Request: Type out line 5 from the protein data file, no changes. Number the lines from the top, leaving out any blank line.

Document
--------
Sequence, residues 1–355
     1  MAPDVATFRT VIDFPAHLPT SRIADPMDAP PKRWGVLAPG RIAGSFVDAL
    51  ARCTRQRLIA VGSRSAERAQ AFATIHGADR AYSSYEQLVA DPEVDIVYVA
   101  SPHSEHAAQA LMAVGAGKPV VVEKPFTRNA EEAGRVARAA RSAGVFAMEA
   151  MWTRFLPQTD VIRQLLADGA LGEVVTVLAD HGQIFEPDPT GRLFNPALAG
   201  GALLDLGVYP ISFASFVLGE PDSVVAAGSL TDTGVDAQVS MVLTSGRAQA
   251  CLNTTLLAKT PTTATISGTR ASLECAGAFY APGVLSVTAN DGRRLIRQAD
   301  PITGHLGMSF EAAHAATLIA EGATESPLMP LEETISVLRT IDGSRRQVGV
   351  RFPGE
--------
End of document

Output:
   151  MWTRFLPQTD VIRQLLADGA LGEVVTVLAD HGQIFEPDPT GRLFNPALAG